On December 22, the Secretary of the Security Council Armen Grigoryan referred to the statement of the opposition deputies on the air of the Public Television that in December of last year the defense ministers of Armenia and Russia had signed a secret document on the withdrawal of Armenian troops in Syunik.
In response to Petros Ghazaryan’s question, Grigoryan stated that the opposition was making discoveries about “facts known to the public” and that the authorities had spoken publicly about “almost all the processes that took place after November 9.”
According to Grigoryan, “the document stipulates that the Republic of Armenia will continue to use that road until it has an alternative one.”
“If I am not mistaken, it was in November, that the construction of an alternative road was completed in the Republic of Armenia, that is, Goris ․․․ after building the alternative Goris-Kapan road, Azerbaijan announced that it was installing customs checkpoints on the road. And I cannot imagine a process that is more obvious than that. “But we have talked about this. It is surprising that the opposition is making discoveries about known facts,” Grigoryan stated.
The facts that the SSC considers “known to the public” were not in fact known at all, at least until the time when the Azerbaijani authorities closed the Goris-Kapan road.
On November 10, Azerbaijan announced that it was setting up customs checkpoints on the Goris-Kapan road sections under Azerbaijani control. On the same day, the Minister of Territorial Administration and Infrastructure announced that the alternative road was ready and that cars could bypass the Azerbaijani customs checkpoints.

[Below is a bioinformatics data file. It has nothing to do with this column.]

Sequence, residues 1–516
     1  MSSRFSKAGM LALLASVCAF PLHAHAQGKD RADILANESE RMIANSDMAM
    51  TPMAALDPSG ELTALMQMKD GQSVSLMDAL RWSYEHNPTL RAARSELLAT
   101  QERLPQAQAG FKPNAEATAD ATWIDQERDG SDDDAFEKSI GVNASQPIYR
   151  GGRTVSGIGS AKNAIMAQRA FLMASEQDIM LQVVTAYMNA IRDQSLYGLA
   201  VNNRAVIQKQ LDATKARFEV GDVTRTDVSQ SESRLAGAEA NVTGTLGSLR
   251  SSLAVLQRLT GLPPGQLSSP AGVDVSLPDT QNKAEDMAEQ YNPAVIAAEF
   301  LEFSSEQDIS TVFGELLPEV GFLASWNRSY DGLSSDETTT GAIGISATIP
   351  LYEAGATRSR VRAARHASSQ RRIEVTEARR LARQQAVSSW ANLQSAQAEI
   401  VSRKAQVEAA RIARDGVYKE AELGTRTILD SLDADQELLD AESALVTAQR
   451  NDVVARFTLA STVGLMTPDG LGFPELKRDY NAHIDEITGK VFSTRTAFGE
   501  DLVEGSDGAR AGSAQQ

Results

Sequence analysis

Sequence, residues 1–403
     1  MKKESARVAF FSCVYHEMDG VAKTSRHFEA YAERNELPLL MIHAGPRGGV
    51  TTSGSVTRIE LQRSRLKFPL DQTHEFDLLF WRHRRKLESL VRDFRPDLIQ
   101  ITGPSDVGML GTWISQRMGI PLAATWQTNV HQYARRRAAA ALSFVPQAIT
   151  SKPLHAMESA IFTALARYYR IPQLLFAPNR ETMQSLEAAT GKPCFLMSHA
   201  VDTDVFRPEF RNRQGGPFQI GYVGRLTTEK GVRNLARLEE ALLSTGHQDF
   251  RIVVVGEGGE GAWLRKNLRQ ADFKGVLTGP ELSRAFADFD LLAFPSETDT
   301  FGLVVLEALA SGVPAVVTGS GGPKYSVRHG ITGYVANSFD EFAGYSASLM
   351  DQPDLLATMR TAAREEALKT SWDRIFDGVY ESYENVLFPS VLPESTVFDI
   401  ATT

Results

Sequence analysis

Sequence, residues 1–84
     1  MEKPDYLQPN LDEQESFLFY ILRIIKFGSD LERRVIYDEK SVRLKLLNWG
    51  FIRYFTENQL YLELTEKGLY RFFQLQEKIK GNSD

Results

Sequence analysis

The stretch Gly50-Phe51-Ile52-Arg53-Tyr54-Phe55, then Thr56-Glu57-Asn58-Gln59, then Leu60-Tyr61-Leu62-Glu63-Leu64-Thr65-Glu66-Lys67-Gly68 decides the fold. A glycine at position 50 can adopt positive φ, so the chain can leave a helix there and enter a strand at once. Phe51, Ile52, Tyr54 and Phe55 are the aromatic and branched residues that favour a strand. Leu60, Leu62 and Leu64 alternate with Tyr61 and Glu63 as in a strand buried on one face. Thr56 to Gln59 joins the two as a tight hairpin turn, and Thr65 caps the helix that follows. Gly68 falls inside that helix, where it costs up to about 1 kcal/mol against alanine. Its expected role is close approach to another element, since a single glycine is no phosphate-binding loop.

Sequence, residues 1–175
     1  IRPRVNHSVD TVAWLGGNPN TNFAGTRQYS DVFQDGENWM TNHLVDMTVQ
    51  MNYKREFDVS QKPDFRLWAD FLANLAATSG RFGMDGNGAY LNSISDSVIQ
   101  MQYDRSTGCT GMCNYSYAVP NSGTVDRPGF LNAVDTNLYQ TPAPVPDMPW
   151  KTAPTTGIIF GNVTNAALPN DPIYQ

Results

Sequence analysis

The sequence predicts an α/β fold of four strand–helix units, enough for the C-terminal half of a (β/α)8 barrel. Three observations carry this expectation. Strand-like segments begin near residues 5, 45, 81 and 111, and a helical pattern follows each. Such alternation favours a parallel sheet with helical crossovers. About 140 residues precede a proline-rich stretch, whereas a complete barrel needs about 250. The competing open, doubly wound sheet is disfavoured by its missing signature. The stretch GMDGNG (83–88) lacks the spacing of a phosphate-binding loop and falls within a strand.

Shortly after Azerbaijan’s announcement, Armen Grigoryan gave an interview to the Public TV program “Lurer” noting that Armenia “installs customs checkpoints in the same section of the road,” but since, as it was announced, the Kapan-Tatev road is ready, from there leading either to Goris or Yerevan, we can say we have a safe road.” Grigoryan mentioned that the roads leading to the communities of Syunik region are being improved.
Armen Grigoryan at that time linked the issue of construction of alternative roads with the government’s road construction reform program. He also touched upon this topic the next day, on November 11, in a conversation with journalists after the government session, again without saying a word about the already existing agreement or written agreement. He only mentioned that that part of the road has a “special status”, and RA citizens can cross that road in case of paying taxes.
In the evening of the same day, Armen Grigoryan gave an interview to the Public Television, during which he hinted at the “preliminary agreement” for the first time. “The agreement, in general, was based on the logic that we will use that road until we have an alternative one.”
As can be seen from these statements, the Secretary of the Security Council has repeatedly spoken about the Goris-Kapan road, both during and after the tensions regarding the road, but before the statements of the opposition MPs, he never mentioned any agreement between the then Minister of Defense Vagharshak Harutyunyan and his Russian colleague Sergei Shoigu.
Before the installation of customs checkpoints on the road by Azerbaijan, Grigoryan and the other representatives of the government did not talk about the details of the agreement on the alternative road.
Moreover, in September of this year, speaking about Azerbaijan’s decision to levy taxes on Iranian cars, Prime Minister Nikol Pashinyan spoke at length about the issue, noting that in December 2020 an agreement was reached that the road should be used without hindrance for Armenian vehicles and cargo transit and it was “assumed” that Azerbaijan has started levying taxes, as the agreement did not include the right to free movement of foreign cars.
In other words, Pashinyan, like Armen Grigoryan, referring to almost all aspects of the issue, did not say in any way that the agreements reached were in writing, nor did he mention that after the construction of an alternative road, Azerbaijan can close that part of the Goris-Kapan road.
Finally, it is important how Armen Grigoryan argues for the process to be transparent. In the passage quoted from the last interview, he cites Azerbaijan’s statement on the installation of customs checkpoints as proof of the document’s non-concealment, which has nothing to do with Grigoryan’s other assertion about the public and transparent work style of the Armenian authorities.